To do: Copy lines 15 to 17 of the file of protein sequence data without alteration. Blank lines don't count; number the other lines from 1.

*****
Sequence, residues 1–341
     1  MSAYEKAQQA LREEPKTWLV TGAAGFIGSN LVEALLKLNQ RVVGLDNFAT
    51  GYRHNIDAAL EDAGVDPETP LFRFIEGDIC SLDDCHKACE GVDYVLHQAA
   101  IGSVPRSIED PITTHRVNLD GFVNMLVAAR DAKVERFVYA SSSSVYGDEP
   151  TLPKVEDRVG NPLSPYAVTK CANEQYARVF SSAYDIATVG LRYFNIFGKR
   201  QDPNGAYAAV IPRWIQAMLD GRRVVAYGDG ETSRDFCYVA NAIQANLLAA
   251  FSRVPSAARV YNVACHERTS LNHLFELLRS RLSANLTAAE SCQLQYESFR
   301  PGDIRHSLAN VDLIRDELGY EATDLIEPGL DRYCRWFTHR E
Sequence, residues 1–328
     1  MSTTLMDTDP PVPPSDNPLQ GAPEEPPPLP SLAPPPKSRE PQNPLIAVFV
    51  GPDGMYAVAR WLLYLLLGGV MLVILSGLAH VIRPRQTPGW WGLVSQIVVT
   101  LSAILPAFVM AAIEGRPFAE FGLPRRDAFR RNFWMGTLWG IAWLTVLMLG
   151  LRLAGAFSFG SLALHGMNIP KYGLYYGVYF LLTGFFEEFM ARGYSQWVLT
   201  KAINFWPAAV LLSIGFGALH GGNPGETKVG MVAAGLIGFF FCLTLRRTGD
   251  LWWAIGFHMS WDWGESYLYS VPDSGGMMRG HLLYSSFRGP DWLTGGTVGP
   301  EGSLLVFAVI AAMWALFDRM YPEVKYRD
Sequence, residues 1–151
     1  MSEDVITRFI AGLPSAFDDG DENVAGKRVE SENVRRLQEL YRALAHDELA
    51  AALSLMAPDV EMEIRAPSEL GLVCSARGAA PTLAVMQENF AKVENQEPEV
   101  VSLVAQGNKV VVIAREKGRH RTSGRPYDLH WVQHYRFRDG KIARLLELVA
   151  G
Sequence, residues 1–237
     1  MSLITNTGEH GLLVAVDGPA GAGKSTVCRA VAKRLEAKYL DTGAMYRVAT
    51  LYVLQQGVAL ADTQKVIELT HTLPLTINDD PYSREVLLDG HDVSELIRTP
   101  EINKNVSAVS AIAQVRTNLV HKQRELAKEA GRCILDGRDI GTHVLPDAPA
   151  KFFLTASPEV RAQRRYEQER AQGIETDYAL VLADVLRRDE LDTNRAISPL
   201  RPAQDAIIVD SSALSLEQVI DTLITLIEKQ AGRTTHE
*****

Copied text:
   251  LWWAIGFHMS WDWGESYLYS VPDSGGMMRG HLLYSSFRGP DWLTGGTVGP
   301  EGSLLVFAVI AAMWALFDRM YPEVKYRD
Sequence, residues 1–151